Finding God in the Natural World

I recently had a conversation with a woman at church, who said that we couldn’t find God in the material world. I think that’s a big part of our problem in America. We don’t make the distinction between the man-made material world and the God-made material world. God is everywhere in the material world, because God made the material world and revealed God’s self in that world.
For so many years, theology has separated the spiritual world from the physical world, but how do we know God? As Christians, we know God through Christ–the physical manifestation of God. If God meets us in the physical world, why would we try so hard NOT to meet God in the physical world? Doesn’t it only make sense that we try to meet God in the world God created, especially this time of year when we’re walking with Christ as he approaches death and resurrection?
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Daylight Savings Time

It never ceases to amaze me the places your mind can go when you spend a day pondering God, your relationship with God, and the nature of God’s creation. Last Sunday, I found myself pondering our odd biannual ritual of changing our clocks and the disconnect that creates from the world around us.
There was a time when I rejoiced in the Spring changing of the clocks. My horses were at a boarding facility, and I only saw them in the hours of sunlight after work. Daylight Savings Time meant an end to a winter of only riding on the weekends. It was a bit like a national holiday for horse people.
Now that my horses are home with us, my time with them starts at sunrise and ends at sunset regardless of what the clock ticks. I find myself resenting the clock change because my time between sunrise and the start of work or church has been cut short, and it’s my favorite time of day. I love the quiet and the beauty of the sun as it crests and rises in the Eastern sky. Continue reading

Rutherford County Master Gardeners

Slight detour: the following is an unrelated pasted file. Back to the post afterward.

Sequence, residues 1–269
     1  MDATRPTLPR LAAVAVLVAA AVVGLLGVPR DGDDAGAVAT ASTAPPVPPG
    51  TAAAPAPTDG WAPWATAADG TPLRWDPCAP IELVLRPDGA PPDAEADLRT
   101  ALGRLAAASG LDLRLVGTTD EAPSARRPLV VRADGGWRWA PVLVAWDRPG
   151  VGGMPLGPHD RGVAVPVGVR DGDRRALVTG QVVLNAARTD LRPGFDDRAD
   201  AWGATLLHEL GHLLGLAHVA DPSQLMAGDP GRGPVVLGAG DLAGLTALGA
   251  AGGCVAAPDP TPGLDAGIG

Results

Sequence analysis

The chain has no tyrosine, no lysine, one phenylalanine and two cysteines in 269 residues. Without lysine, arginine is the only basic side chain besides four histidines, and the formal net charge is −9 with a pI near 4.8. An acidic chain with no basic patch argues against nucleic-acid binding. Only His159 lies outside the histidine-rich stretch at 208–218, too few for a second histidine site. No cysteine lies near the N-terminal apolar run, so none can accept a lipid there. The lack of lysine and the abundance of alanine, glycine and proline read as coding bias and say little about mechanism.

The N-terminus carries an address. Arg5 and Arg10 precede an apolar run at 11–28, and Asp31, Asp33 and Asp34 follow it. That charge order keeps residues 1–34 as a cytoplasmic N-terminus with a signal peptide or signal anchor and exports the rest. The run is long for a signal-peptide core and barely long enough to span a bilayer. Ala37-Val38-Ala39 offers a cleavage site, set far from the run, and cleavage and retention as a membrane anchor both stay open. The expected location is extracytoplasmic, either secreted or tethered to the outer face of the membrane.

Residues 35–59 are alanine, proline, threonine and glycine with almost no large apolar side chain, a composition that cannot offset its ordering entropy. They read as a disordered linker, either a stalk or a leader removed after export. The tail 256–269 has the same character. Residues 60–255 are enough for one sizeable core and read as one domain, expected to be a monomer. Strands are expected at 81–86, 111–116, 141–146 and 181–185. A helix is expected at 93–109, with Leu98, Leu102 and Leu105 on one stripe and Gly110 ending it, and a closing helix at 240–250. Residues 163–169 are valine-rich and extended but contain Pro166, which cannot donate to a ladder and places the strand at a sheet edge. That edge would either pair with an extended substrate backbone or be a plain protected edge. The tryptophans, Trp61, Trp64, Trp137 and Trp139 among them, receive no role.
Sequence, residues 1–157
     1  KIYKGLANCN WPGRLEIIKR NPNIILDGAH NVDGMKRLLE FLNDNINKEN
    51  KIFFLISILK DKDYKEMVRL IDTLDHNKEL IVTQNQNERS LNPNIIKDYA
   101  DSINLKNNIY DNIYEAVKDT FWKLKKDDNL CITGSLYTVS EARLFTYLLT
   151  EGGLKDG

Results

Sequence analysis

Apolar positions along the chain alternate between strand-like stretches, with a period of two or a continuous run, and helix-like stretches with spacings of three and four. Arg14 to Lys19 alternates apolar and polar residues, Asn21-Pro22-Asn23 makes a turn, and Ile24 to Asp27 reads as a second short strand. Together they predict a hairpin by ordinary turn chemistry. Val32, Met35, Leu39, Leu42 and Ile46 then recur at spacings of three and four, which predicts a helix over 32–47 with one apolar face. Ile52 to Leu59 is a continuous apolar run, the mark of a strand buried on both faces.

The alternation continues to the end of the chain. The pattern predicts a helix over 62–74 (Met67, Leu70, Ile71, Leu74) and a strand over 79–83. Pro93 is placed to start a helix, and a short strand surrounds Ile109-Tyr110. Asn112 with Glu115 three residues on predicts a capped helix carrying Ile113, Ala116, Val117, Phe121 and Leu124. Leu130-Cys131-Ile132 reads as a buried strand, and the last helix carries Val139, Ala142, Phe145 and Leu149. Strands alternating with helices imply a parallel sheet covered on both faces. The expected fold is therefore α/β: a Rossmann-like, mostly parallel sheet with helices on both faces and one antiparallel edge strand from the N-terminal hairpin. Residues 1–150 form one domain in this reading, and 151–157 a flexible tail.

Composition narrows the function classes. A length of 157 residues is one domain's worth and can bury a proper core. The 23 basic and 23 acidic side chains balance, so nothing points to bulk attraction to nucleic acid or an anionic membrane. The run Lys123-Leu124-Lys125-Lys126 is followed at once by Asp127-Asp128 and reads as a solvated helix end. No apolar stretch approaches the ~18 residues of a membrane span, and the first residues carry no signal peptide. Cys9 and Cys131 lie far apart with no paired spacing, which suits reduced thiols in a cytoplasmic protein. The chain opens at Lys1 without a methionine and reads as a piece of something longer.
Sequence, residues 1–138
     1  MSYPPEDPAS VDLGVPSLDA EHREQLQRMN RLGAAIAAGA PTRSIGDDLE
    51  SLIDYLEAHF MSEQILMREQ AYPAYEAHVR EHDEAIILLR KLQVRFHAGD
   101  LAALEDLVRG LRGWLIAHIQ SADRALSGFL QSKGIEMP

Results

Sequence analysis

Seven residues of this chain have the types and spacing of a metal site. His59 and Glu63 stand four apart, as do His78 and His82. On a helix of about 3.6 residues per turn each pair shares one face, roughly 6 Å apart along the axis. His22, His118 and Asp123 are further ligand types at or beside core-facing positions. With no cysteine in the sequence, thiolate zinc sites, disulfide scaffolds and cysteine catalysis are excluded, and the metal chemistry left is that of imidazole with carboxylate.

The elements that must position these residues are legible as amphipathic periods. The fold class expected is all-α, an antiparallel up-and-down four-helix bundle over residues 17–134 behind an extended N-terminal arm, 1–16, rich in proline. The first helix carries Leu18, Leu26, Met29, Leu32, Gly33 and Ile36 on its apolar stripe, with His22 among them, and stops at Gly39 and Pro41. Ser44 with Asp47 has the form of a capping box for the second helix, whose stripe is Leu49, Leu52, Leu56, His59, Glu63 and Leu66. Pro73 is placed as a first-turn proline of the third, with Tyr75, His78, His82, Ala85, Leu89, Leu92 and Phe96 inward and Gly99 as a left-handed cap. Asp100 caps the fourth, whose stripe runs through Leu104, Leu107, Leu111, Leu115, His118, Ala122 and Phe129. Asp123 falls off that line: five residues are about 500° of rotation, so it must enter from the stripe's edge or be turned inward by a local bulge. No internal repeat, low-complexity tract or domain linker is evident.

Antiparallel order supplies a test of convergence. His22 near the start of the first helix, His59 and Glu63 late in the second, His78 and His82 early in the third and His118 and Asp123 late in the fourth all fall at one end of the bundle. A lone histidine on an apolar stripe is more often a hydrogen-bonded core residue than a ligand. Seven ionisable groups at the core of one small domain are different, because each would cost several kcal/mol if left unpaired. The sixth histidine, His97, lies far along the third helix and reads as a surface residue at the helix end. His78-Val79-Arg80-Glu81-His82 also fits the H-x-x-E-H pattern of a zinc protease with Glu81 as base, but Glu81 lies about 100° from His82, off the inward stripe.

On Saturday, I attended a free class at Linebaugh Library in Murfreesboro. The Master Gardeners of Rutherford County are teaming up with Linebaugh Library to host a free series on gardening. Saturday’s session, Getting Started Gardening: Soil Prep and Site Selection, was a great introduction for someone like me, who’s never started a garden.
Based on the material, I was able to decide on a 10′ by 10′ garden. We picked an ideal site that’s level with good drainage. There’s a good 8-10 hours of light with afternoon shade. We were able to get the spot cleared and lay down black plastic to kill the grass before spring planting. Continue reading

Southern Equine Expo 2018

Another Southern Equine Expo is in the books. It was hands down the best one yet. The lineup of speakers and clinicians was fabulous. Since I spent most of the weekend in the Miller Club helping speakers, I had the chance to hear all of the wonderful presentations throughout the weekend. I can’t share everything, but I’ve included some highlights and
The Trailmeister Robert Eversole is a Southern Equine Expo favorite. A retired Marine and PATH instructor, he’s a top notch speaker and a great guy. He’s passionate about trail safety and brings his knowledge and experience to life with that passion. His website has a plethora of information for trail riders, including trail guides and reviews of trail equipment. He gave four talks throughout the weekend: ABCs of Trail Riding, Horse Camping 101, When the Sh*i Hits the Fan, and GPS for Trail Riders. The real joy of having Robert Eversole as a speaker, though, is the gracious and humble way he interacts with everyone who has a question or wants to share a story.  I was very glad to see him back this year!
CPT Tim Finley‘s presentation of “In the Arena: 1,000 Click of Beautiful Hell” was a personal favorite. He’s an exceptional serviceman, leading by example. I heard his presentation three times throughout the weekend, and I still teared up at the end. His story of competing in the Mogul Derby is as touching as it is remarkable. I won’t share the details and spoil it for anyone who hasn’t heard it yet. CPT Finley is currently completing a book To Live with Honor, which I highly recommending grabbing as soon as it’s available. Like Robert Eversole, he is a gracious and humble man. He was accompanied by his lovely wife, who is also a joy to speak with. Continue reading